One of the leading characters of Henry VI, Part Three is the future Richard III (played by Emelie O’Hara) who has a growing thirst for power that provides important backstory for the character’s treachery in Richard III. O’Hara embraced the evil of the character and did her best to spit her words in the cruelest manner possible when confronting Richard’s enemies. Her best scene was when her mischievous smile and flattering words spurned Richard’s older brothers to continue the battle for the throne. However, O’Hara lacked the cold malevolence of Richard and rarely showed him enjoying the evil he engaged in. She played the little brother part of the role well, but she seemed miscast when the character had to be physically intimidating. It seemed unlikely that an actress so diminutive in size could strike fear in battle-hardened soldiers.
A more rewarding casting choice was Michael Elich as Richard Plantagenet, the Duke of York, father to Richard and his brothers (including Edward IV, the victor of the War of the Roses). York was one of the main instigators of the civil War, and Elich was adept at showing York’s disdain for Henry VI’s weakness in the political scenes in Part Two. Elich was also the best in the cast at handling the asides. The pathos that he evoked when York mourned for his murdered son Rutland (played by Zak Houston) and asked for death was the most moving scene in Part Three.
There were other actors with memorable performances. The tender scene between Eleanor (played by Sarah Shippobotham) and her husband Humphrey (played by Dan Kremer) was a lovely scene showing a mature, practical marriage. I was delighted when Shippobotham came back in Part Three as Edward IV’s queen, because of the dignity that Shippobotham gave the role. I hope that she returns in Richard III to play the indomitable Elizabeth. Landon Tate Boyle was a memorable Lord Clifford, and Boyle’s as Clifford’s thirst for revenge had a visceral rawness that made Clifford a compelling minor character.
This excellent cast, though, is hobbled by the problems in the script. In my review of the Festival’s production of Henry VI, Part One, I commented that the script was weak, and that criticism still applies. Shakespeare’s talents as a playwright mature as the series progresses, but he is still far from the heights of his abilities. In Part Two, only Queen Margaret is a fully developed character, though Henry VI himself has more dimension than he did in Part One. In Part Three, Shakespeare dispenses with merely following historical events, and as he lays the foundation for Richard III, he starts exploring why Richard is evil. Woronicz edited down both plays, removing many superfluous characters (Goodbye, Simpcox!) and retaining the most important plot points and personalities in the story. But the flaws in the dramatic structure are still there. Woronicz retained Act II, Scene 2 of Henry VI, Part Two, where York outlines his claim to the throne in the blankest verse possible. Part Three has the heavy-handed Act II, Scene 5, where a son realizes he has killed his father as another father realizes he has killed his son. The foreshadowing and asides in both plays are clunky, and Shakespeare’s later literary sophistication is missing.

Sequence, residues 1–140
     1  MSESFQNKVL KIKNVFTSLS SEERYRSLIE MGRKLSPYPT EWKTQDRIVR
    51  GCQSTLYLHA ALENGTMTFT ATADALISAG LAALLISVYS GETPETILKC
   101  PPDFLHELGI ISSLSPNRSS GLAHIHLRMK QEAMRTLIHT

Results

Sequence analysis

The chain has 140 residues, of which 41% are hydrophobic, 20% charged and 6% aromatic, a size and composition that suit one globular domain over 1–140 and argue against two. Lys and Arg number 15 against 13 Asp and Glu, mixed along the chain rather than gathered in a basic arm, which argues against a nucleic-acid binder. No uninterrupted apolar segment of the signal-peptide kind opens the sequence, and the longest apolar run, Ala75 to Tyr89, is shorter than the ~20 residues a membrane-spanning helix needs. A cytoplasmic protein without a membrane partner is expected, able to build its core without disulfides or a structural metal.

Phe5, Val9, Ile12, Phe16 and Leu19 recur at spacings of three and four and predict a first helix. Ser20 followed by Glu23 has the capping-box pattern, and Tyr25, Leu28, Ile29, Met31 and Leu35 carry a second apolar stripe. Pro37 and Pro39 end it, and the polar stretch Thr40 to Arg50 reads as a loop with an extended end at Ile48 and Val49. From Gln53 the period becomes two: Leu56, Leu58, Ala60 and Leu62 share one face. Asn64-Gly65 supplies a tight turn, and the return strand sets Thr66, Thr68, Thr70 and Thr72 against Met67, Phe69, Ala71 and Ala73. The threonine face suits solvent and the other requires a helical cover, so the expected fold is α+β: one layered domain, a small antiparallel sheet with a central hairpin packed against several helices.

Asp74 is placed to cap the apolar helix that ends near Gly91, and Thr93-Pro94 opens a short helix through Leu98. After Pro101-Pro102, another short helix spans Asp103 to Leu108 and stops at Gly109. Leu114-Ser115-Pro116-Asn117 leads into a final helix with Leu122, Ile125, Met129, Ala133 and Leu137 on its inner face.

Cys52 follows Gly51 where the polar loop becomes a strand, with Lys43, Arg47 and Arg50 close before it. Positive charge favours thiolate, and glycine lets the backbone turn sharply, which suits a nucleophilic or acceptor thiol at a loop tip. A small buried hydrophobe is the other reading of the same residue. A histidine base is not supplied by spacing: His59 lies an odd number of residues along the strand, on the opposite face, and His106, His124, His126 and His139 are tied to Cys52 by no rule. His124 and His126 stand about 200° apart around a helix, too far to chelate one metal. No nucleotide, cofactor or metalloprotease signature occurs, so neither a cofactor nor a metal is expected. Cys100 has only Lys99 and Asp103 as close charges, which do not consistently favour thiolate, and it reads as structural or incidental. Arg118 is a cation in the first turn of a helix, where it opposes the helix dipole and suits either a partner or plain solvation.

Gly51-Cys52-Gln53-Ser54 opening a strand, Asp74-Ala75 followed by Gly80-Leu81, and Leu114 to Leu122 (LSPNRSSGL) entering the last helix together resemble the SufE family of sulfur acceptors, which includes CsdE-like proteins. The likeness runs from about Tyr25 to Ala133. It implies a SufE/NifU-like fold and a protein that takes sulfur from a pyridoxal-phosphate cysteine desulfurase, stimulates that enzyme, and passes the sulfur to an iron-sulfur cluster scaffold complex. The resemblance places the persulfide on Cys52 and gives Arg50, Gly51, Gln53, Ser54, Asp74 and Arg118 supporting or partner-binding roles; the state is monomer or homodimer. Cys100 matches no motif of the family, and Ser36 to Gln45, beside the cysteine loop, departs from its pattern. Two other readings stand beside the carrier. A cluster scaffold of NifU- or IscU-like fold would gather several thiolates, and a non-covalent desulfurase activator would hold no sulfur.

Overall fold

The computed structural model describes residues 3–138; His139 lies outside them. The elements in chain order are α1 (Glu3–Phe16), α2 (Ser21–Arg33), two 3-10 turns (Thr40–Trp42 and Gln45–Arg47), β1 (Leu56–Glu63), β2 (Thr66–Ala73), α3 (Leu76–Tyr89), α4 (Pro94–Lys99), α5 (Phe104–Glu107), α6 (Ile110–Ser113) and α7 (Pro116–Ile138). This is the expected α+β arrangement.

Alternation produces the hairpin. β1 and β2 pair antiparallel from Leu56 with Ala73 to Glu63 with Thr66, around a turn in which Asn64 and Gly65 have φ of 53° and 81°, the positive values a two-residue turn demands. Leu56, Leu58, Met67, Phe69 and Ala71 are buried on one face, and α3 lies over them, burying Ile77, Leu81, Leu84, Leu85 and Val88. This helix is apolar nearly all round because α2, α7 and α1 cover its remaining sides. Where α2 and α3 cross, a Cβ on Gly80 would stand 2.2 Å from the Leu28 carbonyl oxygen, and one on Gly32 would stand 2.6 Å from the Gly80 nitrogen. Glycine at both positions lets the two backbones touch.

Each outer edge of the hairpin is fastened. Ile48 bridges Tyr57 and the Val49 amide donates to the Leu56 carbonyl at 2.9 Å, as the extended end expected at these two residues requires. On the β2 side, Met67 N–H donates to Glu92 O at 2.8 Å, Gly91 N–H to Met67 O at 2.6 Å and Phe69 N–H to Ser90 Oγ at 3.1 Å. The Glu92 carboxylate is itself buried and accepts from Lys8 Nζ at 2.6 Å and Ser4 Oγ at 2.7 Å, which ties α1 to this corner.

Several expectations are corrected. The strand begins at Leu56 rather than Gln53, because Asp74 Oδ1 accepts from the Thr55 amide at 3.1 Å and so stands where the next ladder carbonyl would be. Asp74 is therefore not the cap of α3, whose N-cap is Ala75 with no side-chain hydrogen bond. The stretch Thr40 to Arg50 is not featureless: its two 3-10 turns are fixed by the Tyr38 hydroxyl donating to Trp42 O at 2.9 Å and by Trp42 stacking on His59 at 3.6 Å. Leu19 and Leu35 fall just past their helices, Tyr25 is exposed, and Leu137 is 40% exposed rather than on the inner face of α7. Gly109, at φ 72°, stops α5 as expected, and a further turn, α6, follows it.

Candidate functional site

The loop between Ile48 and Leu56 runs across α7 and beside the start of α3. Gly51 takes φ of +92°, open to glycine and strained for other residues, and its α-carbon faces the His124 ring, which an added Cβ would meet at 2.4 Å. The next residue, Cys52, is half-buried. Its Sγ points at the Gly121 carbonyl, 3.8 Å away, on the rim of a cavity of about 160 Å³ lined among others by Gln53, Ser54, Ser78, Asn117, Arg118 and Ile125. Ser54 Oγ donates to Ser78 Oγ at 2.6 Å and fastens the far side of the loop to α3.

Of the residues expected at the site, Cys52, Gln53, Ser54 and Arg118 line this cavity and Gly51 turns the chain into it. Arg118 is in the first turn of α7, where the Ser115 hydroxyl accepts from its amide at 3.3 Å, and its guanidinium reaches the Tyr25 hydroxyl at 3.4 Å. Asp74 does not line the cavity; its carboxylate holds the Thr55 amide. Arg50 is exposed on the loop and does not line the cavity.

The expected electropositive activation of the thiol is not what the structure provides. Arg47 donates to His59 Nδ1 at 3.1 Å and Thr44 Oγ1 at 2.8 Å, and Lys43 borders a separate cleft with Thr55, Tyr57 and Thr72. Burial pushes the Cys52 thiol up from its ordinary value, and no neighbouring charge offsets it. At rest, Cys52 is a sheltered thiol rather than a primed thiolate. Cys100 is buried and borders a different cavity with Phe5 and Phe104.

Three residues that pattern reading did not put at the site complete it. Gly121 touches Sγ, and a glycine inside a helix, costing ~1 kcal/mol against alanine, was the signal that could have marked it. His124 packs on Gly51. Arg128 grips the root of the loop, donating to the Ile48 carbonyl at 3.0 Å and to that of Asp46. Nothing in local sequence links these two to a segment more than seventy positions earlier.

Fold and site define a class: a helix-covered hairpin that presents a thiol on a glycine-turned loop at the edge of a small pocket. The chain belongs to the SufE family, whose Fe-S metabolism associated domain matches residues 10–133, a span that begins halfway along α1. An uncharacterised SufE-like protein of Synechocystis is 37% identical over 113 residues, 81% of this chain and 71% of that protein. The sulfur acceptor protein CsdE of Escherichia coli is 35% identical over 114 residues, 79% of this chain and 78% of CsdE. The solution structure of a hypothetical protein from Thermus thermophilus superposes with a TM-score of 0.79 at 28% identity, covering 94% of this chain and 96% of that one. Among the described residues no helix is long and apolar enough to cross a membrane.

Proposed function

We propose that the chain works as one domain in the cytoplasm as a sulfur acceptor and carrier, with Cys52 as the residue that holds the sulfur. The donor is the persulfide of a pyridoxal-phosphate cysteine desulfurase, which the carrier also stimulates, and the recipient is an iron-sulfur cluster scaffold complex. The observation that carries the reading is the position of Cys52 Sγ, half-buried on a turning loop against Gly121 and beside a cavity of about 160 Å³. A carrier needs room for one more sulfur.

Like I have said in reviews of some other early Shakespeare plays (such as The Two Gentlemen of Verona and Titus Andronicus), some of the value in these flawed early plays is in seeing the seeds of later masterpieces. Shakespeare’s political vision, which values stability and a strong monarch and mistrusts the common people, is fully developed. Likewise, the motifs of the importance of dreams and the human cost of evil are present in both plays. Thus, Henry VI, Parts Two and Three give hints to Macbeth, Henry V, Hamlet, The Tempest, and Julius Caesar, and Shakespeare fans will love hunting for these reminders of later works.
There are reasons to see this production of Henry VI, Parts Two and Three, but they are limited. Completing a bucket list that includes seeing every Shakespeare play, wanting to understand Richard III better, or the steal of seeing two plays with one ticket are among these reasons. However, this production is not for the casual theatre goer. Even more experienced audience members will find Part Three to be a confusing and an unsatisfying experience. (Had I left at intermission after Part Two, I would have had a review that was almost as full of praise as my review for Part One.) There is an audience for this production, but it is a narrower audience than the other shows playing at the Festival.